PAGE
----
Termination of Resuscitative Efforts

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Nurses Edition Commentary

Kathy Garvin, RN and Lisa Chavez, RN
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Thomas M., Jr. -

Josh and Anand

Thanks for discussing this topic. I have a bit of a different view. I was an EMS MD for 15 years in a large, just over 100K calls per year, urban/suburban EMS agency until 2015. Within our protocols I had provided "Field Death" and "Termination of CPR" protocols which were quite explicit and empowered our crews to make these calls on the scene without involving a whole other layer of medical command. Of course, in any questionable situations, they could either call me directly, available 24/7/365 for on line medical command with me or my partner, or they could raise the receiving facility for medical control. Having said that, they required this back up quite infrequently and that was the point. They were educated and empowered to make these decisions much like any other decision in the field. Granted, there were those extraordinary situations such as you described in your segment, i.e., large public gatherings, concerns about scene safety and the like. But again, these were rare occurrences. Today, our ED, located in another jurisdiction, receives regular calls from another agency to "call patients" in the field after EMS has been working on the scene for 20 minutes or more (this is their new cardiac arrest protocol, which I also have issues with-another topic for another day). I believe the MDs of those agencies that require "routine" calls to receiving EDs for terminations and declarations are abrogating their responsibilities and placing them onto the shoulders of the EPs at these EDs. Love to hear your thoughts on my thoughts!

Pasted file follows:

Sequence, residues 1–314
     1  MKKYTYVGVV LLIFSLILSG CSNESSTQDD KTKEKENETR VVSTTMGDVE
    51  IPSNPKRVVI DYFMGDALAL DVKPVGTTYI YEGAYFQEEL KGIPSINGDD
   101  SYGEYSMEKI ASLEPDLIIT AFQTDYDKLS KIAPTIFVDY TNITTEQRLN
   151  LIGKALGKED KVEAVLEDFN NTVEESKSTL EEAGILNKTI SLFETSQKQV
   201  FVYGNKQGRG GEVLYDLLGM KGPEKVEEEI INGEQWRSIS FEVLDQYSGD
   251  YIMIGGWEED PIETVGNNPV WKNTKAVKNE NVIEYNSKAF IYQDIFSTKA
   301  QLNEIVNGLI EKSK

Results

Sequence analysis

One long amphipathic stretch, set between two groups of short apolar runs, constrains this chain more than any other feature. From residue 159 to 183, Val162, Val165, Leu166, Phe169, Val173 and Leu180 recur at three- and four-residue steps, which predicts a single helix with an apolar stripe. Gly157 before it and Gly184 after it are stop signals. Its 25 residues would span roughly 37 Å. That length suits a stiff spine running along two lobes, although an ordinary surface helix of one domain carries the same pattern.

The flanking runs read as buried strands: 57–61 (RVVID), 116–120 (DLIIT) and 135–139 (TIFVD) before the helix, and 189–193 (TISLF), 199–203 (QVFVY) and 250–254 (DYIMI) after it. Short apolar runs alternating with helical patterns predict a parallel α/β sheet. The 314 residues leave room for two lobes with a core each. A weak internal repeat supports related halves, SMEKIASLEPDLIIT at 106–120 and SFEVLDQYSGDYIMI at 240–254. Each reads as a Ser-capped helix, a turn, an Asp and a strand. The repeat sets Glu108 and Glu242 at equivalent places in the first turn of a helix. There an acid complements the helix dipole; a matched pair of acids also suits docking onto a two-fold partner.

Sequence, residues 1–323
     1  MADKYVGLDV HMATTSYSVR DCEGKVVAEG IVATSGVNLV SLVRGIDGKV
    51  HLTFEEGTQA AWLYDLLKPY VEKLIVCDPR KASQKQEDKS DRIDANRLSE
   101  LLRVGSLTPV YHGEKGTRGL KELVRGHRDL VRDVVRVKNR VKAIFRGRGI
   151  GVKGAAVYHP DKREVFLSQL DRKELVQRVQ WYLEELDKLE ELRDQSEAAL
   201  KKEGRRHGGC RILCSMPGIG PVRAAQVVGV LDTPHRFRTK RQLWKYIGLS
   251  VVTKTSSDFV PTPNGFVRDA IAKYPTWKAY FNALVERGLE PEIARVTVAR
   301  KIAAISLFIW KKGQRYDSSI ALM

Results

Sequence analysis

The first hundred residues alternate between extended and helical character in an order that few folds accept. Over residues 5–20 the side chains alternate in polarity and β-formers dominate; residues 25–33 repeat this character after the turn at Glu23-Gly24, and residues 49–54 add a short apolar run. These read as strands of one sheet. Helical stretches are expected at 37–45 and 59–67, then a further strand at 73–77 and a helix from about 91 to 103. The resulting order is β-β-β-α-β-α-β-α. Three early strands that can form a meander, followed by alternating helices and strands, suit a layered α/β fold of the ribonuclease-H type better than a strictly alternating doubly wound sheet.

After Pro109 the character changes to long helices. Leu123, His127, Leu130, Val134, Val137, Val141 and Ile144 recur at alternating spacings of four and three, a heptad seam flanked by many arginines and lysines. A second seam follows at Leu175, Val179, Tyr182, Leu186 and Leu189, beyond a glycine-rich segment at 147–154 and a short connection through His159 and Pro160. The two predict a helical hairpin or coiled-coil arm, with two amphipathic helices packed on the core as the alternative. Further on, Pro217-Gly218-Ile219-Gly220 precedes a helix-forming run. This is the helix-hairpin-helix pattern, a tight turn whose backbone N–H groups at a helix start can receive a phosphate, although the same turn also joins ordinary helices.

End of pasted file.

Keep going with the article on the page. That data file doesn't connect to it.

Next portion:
Thanks,
Thomas H. Matese, Jr., DO, FACP, FACEP

Joshua B. -

Hi Tom! Thanks for the comments. I am fully supportive of empower our medics in the field to be able to make certain decisions. In NJ, their practice is very restricted and outside of very basic treatments included under standing orders (issued by the state, written into legislation about 10 years ago), they require medical control for anything, including giving ondansetron. It is outdated but an unfortunately reality of the system we practice in.

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